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Thesis statement: Wilde tries to prove that idealism in and of itself is useless, and can be based on utter nonsense. This can be supported by how Victorians are often portrayed as having the outward forms of virtue, but ignoring the basis of virtue.

At the beginning of Act II, Cecily wishes not to receive the education Miss Prism offered her. She is also anticipated to marry an imaginary person out of love. When “Ernest” took too long to propose marriage to her in his correspondence, she suggested the matter herself. This proves how her views are incredibly idealistic and naive.

As seen in Act II, before Algernon proposes to Cecily, he asks about her thoughts on his actual name, since for now, his name is “Ernest”. In return, Cecily claimed that “… it had always been a girlish dream of mine to love someone whose name was Ernest… I pity any poor married woman whose husband is not called Ernest.” This supports how she exhibited an idealistic viewpoint because Cecily’s love for a man named Ernest sprang from idealism, which are her feelings and thoughts towards the name “Earnest”, instead of someone’s actual personality.

As the story comes to its end, Jack’s true identity is revealed, and we now know that his Algernon’s brother, and his last name is indeed Ernest. However, although Gwendolen was eventually able to marry a man called Ernest, Cecily’s idealistic viewpoint changed, and she accepted Algernon’s proposal, even though his name wasn’t Ernest.

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Cecily was obsessed with the name Ernest similar to Gwendolen, but different from Gwendolen, Cecily was also fascinated by wickedness. She believes Jack’s brother is a wicked man, and though she has never met such a man, she thinks the idea sounds romantic. This love for wickedness and her idealism leads her to fall in love with “Uncle Jack’s brother”. Idealism not only affected who she loved, it also shaped her personality. She was very imaginative and invented a complete romance story with Ernest and elaborated it with artistry. In the fantasy world she’s created, she and Ernest were already engaged.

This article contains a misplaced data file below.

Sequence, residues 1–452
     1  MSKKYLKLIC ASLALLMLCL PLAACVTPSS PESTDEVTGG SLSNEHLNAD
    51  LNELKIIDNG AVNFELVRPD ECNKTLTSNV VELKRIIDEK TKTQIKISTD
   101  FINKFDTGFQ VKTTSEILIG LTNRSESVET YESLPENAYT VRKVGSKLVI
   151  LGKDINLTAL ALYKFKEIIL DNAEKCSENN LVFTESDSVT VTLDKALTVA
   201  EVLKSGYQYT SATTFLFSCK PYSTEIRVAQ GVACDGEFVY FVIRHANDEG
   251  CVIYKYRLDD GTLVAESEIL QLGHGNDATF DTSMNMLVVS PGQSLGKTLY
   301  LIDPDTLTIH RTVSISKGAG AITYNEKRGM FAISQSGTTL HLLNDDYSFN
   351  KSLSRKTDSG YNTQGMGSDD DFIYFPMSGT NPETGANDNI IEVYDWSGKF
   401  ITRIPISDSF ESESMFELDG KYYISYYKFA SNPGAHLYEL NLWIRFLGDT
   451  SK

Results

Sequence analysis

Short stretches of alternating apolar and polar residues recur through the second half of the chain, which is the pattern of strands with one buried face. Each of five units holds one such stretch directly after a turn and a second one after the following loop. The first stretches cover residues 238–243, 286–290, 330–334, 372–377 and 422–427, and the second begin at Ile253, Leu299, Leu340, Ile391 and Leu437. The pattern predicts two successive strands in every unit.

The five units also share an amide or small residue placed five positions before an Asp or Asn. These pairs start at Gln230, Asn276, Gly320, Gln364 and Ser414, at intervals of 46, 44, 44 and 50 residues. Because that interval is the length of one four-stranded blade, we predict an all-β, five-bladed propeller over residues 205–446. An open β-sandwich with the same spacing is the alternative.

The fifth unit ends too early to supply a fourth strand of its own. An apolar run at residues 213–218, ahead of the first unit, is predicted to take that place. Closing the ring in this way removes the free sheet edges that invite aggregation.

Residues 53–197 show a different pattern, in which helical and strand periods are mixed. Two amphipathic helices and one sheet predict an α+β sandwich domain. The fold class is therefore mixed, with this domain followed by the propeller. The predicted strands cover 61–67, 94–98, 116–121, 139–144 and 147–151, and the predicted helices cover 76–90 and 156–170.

Idealism often functions as a tool of social reaction, in which the ruling classes use to uphold their systems of exploitation, and we can see that Lady Bracknell inhabits some of those characteristics. As stated by Lady Bracknell, “… education produces no effect whatsoever. If it did, it would prove a danger to the upper classes, and probably lead to acts of violence in Grosvenor Square.”

When Lady Bracknell did a background check on Jack, she bent the rules to suit her pleasure because she could. Jack will be placed on her list of eligible suitors only if he can pass her unpredictable and difficult test since idealists believe that everything is based on mind and thinking, and rules are changeable. She even advised Jack to “produce at any rate one parent,” despite this is technically impossible.

When Algernon tells Lady Bracknell about his love for Cecily, Lady Bracknell advises him to “never speak disrespectfully of society, Algernon. Only people who can’t get into it do that.” Historically, idealism is a pre-scientific philosophy that is rooted in ignorance. Lady Bracknell considers herself an unassailable authority on taste and morality and often enjoys passing on her “wisdom” to others, despite many of those being wrong.

Despite her current position, Lady Bracknell was not always a member of the upper class. She was a social climber who married her way into the aristocracy. As a former member of the lower class, however, she follows the ruling class’s idealism. She does not welcome others to follow her previous path, enforces social discrimination, and excludes those who do not fit into her new class. We see how idealism affected her from how strictly she follows the social stratification. She especially believes that the lower classes should never be taught to think or question since it would lead to the possibility of the upper class losing its privileged position.

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